|Myth vs. Fact: Debunking Dishonest and Inaccurate Claims Against SOPA/PIPA|
|Thursday, January 12 2012|
ALEXANDRIA, VA – For months, most of the arguments offered against the Stop Online Piracy Act (SOPA) currently under consideration in the U.S. House of Representatives – as well as the Protect IP Act (PIPA), SOPA’s counterpart in the Senate – have been sorely misinformed or even altogether dishonest. Opponents’ arguments that SOPA will somehow muzzle free speech or end the Internet as we know it, among other sky-is-falling rhetoric, simply don’t square with the legislative text or basic judicial reality.
Sadly, SOPA opponents continue to propagate such misinformation at the 2012 International CES in Las Vegas, to the point where they have become a prominent spectacle at this year’s show.
In response, the Center for Individual Freedom (CFIF), a leading proponent of badly needed Congressional legislation to finally crack down on Internet piracy by foreign rogue websites, dispels some of the more common SOPA/PIPA misinformation with a straightforward “Myth vs. Reality” primer.
Myth #1: SOPA or PIPA “would go so far to protect copyright that they would strangle the Internet with regulation.”
Reality: The legislation targets websites that would already “be subject to seizure in the United States … if such site were a domestic Internet site,” or that are primarily designed or operated for the “dedicated” purpose of violating existing federal laws. Obviously, no Internet site possesses the right to pirate the intellectual property of others, so it hardly makes sense to claim that targeting such sites would somehow mean the end of the Internet. But more broadly, online piracy by domestic sites is already illegal, yet somehow the Internet has managed to survive in America.
Myth #2: SOPA or PIPA somehow fail to provide due process and “give the federal government and Hollywood studios the right to censor and shut down websites.”
Reality: In order to obtain relief, prosecutors or private parties would have to petition courts for relief as with any other legal proceeding, with the panoply of due process protections. For instance, aggrieved parties would have to provide notice of the alleged violation to the targeted site, which would then have the opportunity to rebut the allegations and present evidence. Moreover, Federal Rule of Civil Procedure 65 would apply just as in any other legal proceeding to obtain injunctive relief. That means that relief could only be granted after demonstrating “specific facts” showing “immediate and irreparable injury, loss, or damage,” a hearing “at the earliest possible time,” and “only if the movant gives security in an amount that the court considers proper to pay the costs and damages sustained by any party found to have been wrongfully enjoined or restrained.” Additionally, any court granting injunctive relief would have to provide “reasons why it issued” and “reasonable detail” of “the act or acts restrained or required.” All of this ensures notice and a fair legal proceeding, which is the very definition of due process.
Myth #3: Anti-piracy legislation would unduly burden small Internet sites targeted by deep-pocketed plaintiff corporations.
Reality: The proposed bill states explicitly that court relief would require only “technically feasible and reasonable measures” by sites in question. Further, there is specifically no duty to continually monitor, and defendants would possess the affirmative defense that they don’t possess the “technical means to comply without incurring unreasonable economic burden.” In addition to the usual perjury protections, moreover, the legislation punishes any plaintiff that knowingly brings a false claim by holding them liable for not only damages caused, but also attorneys’ fees and costs. The bill also empowers courts to modify, suspend or vacate orders whenever “the interests of justice otherwise require.”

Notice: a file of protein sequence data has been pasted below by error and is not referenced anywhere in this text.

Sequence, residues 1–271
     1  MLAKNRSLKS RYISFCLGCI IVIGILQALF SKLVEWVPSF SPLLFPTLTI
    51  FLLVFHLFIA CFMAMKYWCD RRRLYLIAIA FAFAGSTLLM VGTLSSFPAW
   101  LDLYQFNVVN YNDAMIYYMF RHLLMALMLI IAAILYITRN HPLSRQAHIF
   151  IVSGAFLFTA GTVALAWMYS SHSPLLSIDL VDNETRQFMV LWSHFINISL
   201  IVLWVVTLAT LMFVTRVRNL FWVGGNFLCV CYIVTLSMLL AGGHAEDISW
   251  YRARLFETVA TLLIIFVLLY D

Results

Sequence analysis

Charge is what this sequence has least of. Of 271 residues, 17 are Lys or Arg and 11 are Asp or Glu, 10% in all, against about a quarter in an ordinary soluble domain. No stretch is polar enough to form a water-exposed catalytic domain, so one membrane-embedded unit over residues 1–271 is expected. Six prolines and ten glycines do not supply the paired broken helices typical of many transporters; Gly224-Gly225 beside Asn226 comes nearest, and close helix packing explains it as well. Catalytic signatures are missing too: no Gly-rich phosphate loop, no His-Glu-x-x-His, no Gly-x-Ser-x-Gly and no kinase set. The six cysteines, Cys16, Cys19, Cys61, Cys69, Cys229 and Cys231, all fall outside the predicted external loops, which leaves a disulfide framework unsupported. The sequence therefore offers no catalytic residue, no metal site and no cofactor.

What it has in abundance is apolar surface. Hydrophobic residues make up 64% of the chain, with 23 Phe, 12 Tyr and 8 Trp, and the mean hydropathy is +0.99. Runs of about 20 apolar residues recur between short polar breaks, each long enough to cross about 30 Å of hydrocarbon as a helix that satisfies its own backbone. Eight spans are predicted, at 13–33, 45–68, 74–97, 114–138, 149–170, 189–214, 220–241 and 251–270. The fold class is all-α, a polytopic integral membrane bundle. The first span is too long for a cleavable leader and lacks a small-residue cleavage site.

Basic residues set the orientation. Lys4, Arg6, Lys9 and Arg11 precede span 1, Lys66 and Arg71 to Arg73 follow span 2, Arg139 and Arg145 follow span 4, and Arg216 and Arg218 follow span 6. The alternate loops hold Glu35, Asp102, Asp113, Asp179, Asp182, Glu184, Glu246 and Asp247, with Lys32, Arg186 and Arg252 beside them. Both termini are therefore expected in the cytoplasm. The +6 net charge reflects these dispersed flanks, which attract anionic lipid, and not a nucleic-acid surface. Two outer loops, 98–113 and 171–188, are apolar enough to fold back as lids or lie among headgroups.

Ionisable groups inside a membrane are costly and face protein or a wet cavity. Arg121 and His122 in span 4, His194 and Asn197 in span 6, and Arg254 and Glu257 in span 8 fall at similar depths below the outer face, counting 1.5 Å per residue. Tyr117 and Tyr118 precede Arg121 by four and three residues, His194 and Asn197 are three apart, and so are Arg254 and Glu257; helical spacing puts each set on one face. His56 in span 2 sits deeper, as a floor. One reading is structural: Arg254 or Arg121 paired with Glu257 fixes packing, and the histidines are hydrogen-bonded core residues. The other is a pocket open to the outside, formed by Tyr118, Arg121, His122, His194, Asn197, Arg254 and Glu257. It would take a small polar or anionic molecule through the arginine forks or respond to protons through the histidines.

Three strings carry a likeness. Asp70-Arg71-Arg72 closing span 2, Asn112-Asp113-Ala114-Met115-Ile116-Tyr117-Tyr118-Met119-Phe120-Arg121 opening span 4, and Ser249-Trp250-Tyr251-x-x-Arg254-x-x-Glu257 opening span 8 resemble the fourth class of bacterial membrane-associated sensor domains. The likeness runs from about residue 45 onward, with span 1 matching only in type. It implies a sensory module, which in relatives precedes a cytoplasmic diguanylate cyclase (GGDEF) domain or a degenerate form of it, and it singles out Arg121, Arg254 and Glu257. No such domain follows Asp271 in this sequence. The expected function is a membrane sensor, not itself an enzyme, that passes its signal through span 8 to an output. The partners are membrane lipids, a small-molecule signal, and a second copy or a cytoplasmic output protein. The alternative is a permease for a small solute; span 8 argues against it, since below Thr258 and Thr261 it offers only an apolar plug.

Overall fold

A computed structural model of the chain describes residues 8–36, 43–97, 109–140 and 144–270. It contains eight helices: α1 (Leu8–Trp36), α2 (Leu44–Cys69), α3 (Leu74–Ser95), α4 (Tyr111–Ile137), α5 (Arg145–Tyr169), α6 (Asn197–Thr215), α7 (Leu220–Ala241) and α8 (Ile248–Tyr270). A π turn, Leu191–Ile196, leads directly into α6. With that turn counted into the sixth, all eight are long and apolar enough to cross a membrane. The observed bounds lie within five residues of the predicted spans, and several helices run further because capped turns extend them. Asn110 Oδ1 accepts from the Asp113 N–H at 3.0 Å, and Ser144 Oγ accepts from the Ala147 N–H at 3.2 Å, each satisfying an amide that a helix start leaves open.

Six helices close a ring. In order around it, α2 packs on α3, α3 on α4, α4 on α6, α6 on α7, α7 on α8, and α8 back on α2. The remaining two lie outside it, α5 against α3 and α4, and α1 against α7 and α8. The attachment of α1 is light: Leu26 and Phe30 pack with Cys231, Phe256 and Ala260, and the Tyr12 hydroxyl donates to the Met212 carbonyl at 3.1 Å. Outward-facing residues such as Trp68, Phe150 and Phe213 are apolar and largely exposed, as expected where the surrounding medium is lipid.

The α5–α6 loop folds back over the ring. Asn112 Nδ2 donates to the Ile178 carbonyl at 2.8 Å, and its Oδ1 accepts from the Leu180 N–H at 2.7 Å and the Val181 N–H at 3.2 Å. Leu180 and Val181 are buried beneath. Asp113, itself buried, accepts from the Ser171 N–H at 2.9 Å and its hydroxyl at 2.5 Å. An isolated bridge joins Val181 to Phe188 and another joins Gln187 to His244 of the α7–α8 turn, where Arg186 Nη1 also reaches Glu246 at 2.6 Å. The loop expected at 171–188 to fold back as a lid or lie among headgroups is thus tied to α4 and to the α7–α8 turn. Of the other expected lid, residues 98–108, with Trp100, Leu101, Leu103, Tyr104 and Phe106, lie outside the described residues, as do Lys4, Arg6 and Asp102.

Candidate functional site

Myth #4: Legislation targeting online piracy somehow constitutes “censorship” and violates the U.S. Constitution.
Reality: First of all, online piracy does not constitute “free speech.” Second, otherwise illegal activity does not magically achieve sacred status or legal immunity simply because it occurs on the Internet rather than on a street corner. Third, this legislation would remain subject to the same judicial review applicable to any other statute.
Myth #5: DNS blocking would change the way the Internet works, and would “break the Internet.”
Reality: Such claims are inaccurate. DNS filtering is already commonly used today as one of the primary methods to promote Internet security and defend against phishing scams and malware. Indeed, a simple search for “DNS filtering services” or “DNS blocking services” yields a plethora of companies that provide this service to networks and users.
“The first preconditions for a prosperous and just society are rule of law and protection of property rights,” said Timothy Lee, CFIF’s Vice President of Legal and Public Affairs. “Anti-piracy legislation now before Congress finally addresses the threat of foreign piracy, and it’s unfortunate that so many opponents have resorted to inaccurate and flatly dishonest claims in an attempt to derail it.
“We urge policymakers and members of media not to fall prey to the misinformed rhetoric that is all-too-prominent in this debate. The destructive menace of foreign Internet piracy has festered for far too long, and this legislation offers the proper remedy,” Lee concluded.
*******For media inquiries, please contact the Center for Individual Freedom at 703-535-5836*******
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